If you are a parent, bringing your children up is your most important job, because how you bring them up is your legacy. They are a continuation of your love, your values and your way of life.
I was 17 when I first became a mother. I did not do such a good job, but I am blessed in that I had a man with deep happiness in his soul to co-parent with me. We also had a lovely, close family who cobbled together to make it work in the most beautiful way (I think it is a combination of Welsh, Spanish and Cockney English that fostered this lovely philosophy of kindness rather than cold rigidity). I relaxed my unrealistic ideals about how children should behave, learned that love is the most important thing of all, and that everyday happiness is to be valued.
Almost 30 years later, I see the product of this philosophy.
My second son, Kit, is looking after my doggies for a few weeks, and he parents them up exactly the way that his father and I brought him, his brothers and sisters up. The doggies live in a relaxed household with Kit. He made a house for them in the shed, with rugs and a favourite couch, but the doggies chose to be indoors with him and his girlfriend. Instead of enforcing discipline, he moved them indoors without a second thought, because that was how his father and I brought him and his siblings up – they slept in our bed for the longest time, all happy sweaty bodies piled in together, never mind what we read in books about discipline and boundaries.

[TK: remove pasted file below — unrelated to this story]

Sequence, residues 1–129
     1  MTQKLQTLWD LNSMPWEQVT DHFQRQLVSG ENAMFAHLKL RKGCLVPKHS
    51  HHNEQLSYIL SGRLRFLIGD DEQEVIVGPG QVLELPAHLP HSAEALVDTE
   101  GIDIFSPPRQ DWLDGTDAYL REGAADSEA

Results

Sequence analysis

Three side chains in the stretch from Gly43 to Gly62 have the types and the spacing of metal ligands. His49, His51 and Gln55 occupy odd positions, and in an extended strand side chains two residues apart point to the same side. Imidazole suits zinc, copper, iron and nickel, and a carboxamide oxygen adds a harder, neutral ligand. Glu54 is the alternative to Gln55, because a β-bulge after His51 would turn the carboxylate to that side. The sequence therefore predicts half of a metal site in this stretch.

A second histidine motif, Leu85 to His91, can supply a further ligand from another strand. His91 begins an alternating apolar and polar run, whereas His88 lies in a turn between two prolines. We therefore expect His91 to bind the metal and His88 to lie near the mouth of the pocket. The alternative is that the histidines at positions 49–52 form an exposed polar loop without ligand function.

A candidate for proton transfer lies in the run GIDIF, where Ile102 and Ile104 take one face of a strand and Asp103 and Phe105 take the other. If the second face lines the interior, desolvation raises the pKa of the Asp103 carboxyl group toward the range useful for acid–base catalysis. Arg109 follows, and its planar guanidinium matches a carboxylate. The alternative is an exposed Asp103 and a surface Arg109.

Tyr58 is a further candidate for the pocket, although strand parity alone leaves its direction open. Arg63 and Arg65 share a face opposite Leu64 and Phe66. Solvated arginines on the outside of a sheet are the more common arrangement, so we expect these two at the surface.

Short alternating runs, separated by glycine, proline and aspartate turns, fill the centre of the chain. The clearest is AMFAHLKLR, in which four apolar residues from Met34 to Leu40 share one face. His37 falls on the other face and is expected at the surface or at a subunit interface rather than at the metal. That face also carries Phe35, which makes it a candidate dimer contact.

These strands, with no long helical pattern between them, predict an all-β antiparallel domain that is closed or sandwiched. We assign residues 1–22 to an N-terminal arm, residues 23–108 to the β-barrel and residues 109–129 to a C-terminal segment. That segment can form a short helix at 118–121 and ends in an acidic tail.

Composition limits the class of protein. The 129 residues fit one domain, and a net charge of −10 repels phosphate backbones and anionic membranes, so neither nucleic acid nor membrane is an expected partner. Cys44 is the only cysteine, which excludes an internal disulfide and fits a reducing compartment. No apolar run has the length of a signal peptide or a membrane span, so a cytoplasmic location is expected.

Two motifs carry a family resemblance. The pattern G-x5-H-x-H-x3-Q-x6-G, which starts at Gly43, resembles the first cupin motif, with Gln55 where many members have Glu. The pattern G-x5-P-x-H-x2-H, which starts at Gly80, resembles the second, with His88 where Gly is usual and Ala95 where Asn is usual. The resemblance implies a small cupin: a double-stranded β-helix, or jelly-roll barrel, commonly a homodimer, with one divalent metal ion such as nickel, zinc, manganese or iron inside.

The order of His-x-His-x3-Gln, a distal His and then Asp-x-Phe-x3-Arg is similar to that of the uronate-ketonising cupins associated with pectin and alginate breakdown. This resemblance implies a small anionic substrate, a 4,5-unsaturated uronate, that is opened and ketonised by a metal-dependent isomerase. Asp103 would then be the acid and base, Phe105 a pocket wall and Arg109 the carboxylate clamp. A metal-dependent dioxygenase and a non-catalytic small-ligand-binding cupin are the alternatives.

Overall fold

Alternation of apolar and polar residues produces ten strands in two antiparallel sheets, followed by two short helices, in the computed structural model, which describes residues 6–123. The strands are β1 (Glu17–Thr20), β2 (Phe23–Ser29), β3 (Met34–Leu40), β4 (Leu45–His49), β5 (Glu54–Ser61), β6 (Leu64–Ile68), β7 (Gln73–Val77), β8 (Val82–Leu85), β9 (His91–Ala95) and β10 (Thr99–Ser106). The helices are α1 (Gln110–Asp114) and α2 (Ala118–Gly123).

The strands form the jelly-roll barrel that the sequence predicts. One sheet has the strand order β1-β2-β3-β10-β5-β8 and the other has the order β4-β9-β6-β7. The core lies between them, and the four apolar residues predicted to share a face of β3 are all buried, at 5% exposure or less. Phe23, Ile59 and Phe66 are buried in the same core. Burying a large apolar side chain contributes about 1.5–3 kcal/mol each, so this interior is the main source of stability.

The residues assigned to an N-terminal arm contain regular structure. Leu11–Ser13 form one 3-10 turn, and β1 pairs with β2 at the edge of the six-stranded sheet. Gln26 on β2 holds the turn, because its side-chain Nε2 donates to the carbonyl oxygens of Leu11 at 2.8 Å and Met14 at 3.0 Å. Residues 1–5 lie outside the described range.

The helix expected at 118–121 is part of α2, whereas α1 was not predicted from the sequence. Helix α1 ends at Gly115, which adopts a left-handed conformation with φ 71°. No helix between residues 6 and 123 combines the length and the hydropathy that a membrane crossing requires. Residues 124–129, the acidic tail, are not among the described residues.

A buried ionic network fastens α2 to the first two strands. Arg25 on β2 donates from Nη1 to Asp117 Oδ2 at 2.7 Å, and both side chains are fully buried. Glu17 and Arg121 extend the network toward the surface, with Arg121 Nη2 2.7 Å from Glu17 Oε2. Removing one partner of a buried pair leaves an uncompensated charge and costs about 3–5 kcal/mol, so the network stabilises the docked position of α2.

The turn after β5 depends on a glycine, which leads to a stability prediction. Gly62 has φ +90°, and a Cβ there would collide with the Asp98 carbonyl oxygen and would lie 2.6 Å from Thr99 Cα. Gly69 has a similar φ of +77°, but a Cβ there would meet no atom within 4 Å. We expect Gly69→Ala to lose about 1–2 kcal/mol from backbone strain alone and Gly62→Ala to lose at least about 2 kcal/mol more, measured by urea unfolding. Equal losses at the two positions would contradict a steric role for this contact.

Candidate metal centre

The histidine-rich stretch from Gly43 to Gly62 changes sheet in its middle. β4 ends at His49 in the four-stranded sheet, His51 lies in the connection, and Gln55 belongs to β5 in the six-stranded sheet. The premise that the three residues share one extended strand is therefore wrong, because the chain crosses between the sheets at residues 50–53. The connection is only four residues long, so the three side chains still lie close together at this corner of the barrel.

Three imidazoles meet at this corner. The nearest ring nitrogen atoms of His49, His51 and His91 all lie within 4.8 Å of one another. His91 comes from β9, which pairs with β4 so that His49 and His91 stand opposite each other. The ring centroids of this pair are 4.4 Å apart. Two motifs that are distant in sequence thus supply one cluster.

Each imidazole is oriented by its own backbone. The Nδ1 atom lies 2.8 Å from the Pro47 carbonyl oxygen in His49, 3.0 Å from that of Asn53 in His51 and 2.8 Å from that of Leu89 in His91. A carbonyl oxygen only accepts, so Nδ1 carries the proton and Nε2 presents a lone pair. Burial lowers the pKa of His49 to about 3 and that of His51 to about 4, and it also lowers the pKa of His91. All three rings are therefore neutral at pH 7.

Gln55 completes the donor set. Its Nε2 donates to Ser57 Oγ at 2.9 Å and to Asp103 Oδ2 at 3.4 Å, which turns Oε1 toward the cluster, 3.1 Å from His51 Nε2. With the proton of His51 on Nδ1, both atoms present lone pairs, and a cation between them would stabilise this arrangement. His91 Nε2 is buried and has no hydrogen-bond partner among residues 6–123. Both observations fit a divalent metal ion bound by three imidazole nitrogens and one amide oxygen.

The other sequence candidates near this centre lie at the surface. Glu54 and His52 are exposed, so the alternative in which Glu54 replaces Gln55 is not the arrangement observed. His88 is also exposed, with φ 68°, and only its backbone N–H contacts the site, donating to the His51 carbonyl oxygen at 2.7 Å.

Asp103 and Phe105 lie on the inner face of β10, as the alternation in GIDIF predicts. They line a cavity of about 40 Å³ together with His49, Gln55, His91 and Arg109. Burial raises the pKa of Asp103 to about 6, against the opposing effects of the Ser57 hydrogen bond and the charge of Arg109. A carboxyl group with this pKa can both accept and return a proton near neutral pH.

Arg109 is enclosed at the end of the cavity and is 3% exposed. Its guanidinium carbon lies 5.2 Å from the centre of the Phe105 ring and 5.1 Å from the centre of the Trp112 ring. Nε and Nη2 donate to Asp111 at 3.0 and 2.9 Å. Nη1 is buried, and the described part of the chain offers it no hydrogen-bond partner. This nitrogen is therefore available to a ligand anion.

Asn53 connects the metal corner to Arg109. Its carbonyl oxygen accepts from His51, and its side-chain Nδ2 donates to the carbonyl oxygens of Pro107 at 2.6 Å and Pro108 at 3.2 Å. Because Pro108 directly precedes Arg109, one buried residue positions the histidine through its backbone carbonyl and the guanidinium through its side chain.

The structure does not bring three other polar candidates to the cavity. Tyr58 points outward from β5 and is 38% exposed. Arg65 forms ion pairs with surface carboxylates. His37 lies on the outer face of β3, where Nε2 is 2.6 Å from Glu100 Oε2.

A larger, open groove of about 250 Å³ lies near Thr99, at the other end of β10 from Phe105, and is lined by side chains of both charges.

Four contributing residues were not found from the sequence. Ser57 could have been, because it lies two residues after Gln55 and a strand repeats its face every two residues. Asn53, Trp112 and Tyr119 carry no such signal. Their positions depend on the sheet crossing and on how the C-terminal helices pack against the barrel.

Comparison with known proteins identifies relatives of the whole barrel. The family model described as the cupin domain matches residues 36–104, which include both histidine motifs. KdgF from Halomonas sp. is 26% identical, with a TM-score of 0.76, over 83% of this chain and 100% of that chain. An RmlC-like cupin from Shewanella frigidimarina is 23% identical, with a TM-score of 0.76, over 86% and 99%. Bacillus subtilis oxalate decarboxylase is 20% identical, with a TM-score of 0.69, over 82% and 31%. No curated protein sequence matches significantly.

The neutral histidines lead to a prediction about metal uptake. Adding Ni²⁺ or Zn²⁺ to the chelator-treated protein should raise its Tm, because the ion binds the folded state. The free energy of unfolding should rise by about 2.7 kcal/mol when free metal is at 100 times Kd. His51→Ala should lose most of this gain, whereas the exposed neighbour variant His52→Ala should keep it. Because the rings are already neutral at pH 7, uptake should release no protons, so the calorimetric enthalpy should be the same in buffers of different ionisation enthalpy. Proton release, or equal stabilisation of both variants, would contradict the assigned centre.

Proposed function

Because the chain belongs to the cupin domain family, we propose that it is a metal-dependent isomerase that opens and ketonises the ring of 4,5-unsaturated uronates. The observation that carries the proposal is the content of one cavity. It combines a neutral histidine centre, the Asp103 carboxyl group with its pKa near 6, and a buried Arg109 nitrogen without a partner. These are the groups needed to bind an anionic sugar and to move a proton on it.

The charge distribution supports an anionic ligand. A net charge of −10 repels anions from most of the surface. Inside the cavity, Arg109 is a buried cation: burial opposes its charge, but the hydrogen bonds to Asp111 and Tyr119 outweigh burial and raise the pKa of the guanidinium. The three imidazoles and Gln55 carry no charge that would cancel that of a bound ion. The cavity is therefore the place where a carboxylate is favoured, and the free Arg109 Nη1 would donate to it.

Kit takes the doggies everywhere with him. In the past week, they have been to Portland beach in Hampshire and later in the week, camping in Cornwall. He could have sent them to boarding kennels, which would have been simpler for him, as he will be on a camping trip with the boys. But his father and I, we took them everywhere with us too because we could not afford nannies and maids. We enjoyed their company anyway – they were fun kids, always full of life and resilient; they never sick, whiny or tired.
Our children were never perfectly behaved, they were not ideal kids by far, and but they were happy. We did our best to keep ugliness out of their lives, though mainstream thinking was that we must be tough to children to teach them how to cope with the tough ‘real’ world.
We chose a life of happiness and trust instead, accepting that life is imperfect and so long as we have 75% good, we are OK.
They have grown up into strong, nurturing adults. I think it is because their father and I gave them a stable childhood filled with love, and the latitude to be naughty rather than aiming for perfection. That little forgiveness and softness is so important, I find, because it teaches children to be forgiving and soft in adulthood.